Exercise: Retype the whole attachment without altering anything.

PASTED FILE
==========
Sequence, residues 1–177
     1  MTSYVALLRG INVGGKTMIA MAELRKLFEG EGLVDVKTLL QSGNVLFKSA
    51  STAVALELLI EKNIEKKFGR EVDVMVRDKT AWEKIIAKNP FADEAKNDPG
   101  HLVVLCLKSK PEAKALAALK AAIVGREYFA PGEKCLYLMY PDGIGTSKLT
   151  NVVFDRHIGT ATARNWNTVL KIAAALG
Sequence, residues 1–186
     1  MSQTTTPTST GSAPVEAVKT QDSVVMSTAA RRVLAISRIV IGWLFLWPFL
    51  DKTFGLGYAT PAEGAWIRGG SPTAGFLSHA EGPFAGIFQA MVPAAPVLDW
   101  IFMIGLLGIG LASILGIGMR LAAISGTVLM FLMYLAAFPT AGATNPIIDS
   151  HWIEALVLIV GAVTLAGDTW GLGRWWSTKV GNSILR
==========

Sequence, residues 1–177
     1  MTSYVALLRG INVGGKTMIA MAELRKLFEG EGLVDVKTLL QSGNVLFKSA
    51  STAVALELLI EKNIEKKFGR EVDVMVRDKT AWEKIIAKNP FADEAKNDPG
   101  HLVVLCLKSK PEAKALAALK AAIVGREYFA PGEKCLYLMY PDGIGTSKLT
   151  NVVFDRHIGT ATARNWNTVL KIAAALG
Sequence, residues 1–186
     1  MSQTTTPTST GSAPVEAVKT QDSVVMSTAA RRVLAISRIV IGWLFLWPFL
    51  DKTFGLGYAT PAEGAWIRGG SPTAGFLSHA EGPFAGIFQA MVPAAPVLDW
   101  IFMIGLLGIG LASILGIGMR LAAISGTVLM FLMYLAAFPT AGATNPIIDS
   151  HWIEALVLIV GAVTLAGDTW GLGRWWSTKV GNSILR